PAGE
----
Norwegians are now raising salmon in the Arctic Circle. A maverick band of entrepreneurs and scientists is trying to help future-proof aquaculture against the havoc caused by climate change.
Silicon Valley of the Sea goes high tech with fish
Norway has built the world’s biggest salmon-farming industry. But it wants to go bigger. With their lucrative oil fields now in decline, Norwegians have ambitious plans for aquaculture to power their economy far into the future.
Climate change could make those dreams harder to realize. As waters warm, more salmon farmers may have to move into the country’s Arctic regions to raise the temperature-sensitive species. And there’s another problem. Salmon feed is based on fishmeal, produced by grinding up wild-caught fish. With climate change pushing underwater ecosystems to the breaking point, Big Aquaculture is seeking ways to feed fish that aren’t hostage to increasingly unpredictable oceans.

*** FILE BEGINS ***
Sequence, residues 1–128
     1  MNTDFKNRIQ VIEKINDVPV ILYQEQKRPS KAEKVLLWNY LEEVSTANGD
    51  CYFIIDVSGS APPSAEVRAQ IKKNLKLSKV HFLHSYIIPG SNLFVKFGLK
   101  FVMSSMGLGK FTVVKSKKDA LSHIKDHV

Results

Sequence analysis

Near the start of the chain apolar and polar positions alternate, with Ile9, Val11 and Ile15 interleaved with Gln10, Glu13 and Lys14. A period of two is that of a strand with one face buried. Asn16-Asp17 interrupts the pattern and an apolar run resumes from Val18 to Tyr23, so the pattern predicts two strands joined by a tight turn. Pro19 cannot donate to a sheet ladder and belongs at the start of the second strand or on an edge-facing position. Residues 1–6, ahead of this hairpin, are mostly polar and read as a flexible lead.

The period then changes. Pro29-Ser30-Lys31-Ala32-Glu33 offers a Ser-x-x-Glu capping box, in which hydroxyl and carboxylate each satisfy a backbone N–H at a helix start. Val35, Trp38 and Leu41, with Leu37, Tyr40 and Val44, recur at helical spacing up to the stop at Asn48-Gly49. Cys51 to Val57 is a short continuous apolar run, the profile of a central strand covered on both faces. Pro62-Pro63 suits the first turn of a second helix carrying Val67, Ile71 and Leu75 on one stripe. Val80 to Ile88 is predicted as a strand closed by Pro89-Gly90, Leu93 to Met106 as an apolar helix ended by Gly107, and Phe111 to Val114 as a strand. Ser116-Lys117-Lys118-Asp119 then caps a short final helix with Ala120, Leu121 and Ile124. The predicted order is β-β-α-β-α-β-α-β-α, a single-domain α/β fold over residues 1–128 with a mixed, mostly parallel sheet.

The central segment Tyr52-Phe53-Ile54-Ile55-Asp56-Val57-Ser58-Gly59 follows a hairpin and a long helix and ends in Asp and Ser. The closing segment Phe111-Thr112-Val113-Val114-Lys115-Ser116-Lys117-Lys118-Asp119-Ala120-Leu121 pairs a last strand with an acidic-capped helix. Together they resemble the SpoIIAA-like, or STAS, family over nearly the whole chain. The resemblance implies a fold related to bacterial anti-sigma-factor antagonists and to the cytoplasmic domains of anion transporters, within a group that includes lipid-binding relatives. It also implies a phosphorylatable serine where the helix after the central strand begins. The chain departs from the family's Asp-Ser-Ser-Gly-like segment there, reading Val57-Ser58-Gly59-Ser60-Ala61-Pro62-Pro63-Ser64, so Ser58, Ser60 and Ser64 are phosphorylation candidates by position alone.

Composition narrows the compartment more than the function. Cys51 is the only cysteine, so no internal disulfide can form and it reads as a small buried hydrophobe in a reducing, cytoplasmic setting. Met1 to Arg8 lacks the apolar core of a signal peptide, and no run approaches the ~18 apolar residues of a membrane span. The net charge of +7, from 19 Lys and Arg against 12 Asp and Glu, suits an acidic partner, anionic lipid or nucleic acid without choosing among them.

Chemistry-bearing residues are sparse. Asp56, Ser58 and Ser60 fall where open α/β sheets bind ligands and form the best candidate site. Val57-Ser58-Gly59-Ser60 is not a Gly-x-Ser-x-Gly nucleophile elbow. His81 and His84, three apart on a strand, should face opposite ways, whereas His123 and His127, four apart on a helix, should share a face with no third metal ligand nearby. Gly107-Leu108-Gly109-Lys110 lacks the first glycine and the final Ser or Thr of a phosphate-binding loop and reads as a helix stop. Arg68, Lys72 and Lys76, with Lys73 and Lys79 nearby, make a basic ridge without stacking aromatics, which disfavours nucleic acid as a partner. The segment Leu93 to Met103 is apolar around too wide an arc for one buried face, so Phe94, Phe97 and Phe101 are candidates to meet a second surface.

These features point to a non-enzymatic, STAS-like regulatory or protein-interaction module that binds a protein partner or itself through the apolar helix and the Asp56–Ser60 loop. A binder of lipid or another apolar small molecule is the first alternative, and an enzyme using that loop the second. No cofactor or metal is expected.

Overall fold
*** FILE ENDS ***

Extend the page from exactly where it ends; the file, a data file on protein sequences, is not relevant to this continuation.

The Norwegian cities of Bergen and Stavanger have become a Silicon Valley of the Sea as entrepreneurs and scientists look for answers. The innovators hope to find sustainable sources of feed, minimize pollution from fish farms and take new ideas to scale.
CORRECTION: Between January and September 2018, CO2Bio produced more than 800 pounds of algae using carbon dioxide. An earlier version of this story incorrectly said it had produced 8,000 pounds of algae.